In the original build of World of Warcraft was an "abandoned" dungeon, known as the Karazhan Crypts. While closed off from the rest of the game, a glitch that saw players die outside the crypts walls would occasionally allow them to resurrect inside. What they found was... disturbing. Piles of corpses littered the floor, and in one underwater section was a series of inverted drowned figures - all missing their hands and feet.
Apparently Blizzard feared that this section of the game and it's backstory would be too dark for their 'T' rating, pushing it into an 'M' category - thus it was blocked off. It's never been deleted. Which is super creepy.
The Lavender Town suicides
A rumour steeped in hearsay and forum speculation, and probably the darkest gaming urban legend out there.
The story goes that after Pokémon Red and Green was released in Japan (27 Feb, 1996) there was a notable rise in the number of cases of nausea and migraines in children aged between seven and 12. Some even committed suicide.
The cause? An eerie set of discordant notes that the youngsters encountered in the Lavender Town section of Pokémon. You can hear it here. Before the game received a world-wide release, the tune was lowered to a less sinister octave, apparently nullifying the effects.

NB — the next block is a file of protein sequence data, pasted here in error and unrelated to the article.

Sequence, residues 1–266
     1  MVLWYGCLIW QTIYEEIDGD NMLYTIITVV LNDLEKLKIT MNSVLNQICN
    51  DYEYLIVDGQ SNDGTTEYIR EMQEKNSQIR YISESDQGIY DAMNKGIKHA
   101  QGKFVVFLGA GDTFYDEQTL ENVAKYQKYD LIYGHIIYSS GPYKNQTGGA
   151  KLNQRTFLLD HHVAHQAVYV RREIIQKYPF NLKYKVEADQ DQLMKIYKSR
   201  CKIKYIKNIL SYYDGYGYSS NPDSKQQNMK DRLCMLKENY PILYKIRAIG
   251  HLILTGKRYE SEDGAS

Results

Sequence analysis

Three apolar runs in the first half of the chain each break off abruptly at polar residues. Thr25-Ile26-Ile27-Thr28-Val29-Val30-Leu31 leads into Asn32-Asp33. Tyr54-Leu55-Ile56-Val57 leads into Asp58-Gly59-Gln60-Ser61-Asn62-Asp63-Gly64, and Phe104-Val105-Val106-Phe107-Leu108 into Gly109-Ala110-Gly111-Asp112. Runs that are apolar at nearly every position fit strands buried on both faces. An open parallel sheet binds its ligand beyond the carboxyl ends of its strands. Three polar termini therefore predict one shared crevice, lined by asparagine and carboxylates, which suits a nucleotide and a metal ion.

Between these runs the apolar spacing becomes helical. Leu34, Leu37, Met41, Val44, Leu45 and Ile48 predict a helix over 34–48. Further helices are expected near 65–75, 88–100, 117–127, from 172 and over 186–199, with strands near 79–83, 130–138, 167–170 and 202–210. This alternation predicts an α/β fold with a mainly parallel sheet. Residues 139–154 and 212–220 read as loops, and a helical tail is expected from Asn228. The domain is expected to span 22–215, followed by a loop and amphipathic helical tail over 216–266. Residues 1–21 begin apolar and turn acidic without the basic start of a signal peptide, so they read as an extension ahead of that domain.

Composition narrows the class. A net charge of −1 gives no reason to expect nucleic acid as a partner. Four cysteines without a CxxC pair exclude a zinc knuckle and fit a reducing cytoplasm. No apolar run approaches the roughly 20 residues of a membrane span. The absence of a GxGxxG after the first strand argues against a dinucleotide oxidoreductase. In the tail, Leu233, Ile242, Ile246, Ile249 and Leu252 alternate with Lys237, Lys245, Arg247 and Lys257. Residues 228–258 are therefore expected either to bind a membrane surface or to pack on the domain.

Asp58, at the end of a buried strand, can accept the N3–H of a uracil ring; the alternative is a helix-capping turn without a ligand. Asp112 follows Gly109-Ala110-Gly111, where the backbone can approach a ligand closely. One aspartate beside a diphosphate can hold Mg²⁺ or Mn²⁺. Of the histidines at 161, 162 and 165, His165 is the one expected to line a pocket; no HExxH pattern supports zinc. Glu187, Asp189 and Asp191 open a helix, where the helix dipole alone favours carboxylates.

It's not clear if this myth is anywhere near as well known in Japan, as there's a significant lack of translated news reports on the event. Creepy, but almost certainly rubbish.
Super Mario Bros. 3 isn't 'real'
Well sure, it's obviously not real - it's a video game.
The point is this - Super Mario Bros. 3 isn't a game at all. It's a play - a stage performance, with Mario in no real peril at all. Miyamoto recently confirmed that the game's curtain, hanging stage blocks and flat worlds are actually all pointing toward the game being a "stage performance".
We don't know what to believe any more.
Donkey Kong Country's political intentions
This incredible 'myth' has one foot in history, the other firmly in "just go with it".
After the Spanish-American War, the victorious United States gained control of Cuba and Puerto Rico, allowing it to police several Caribbean states, such as Honduras, Nicaragua, Mexico, and Haiti. The United Fruit Company was supported by the US, illegally overthrowing local businesses to dominate the banana trade.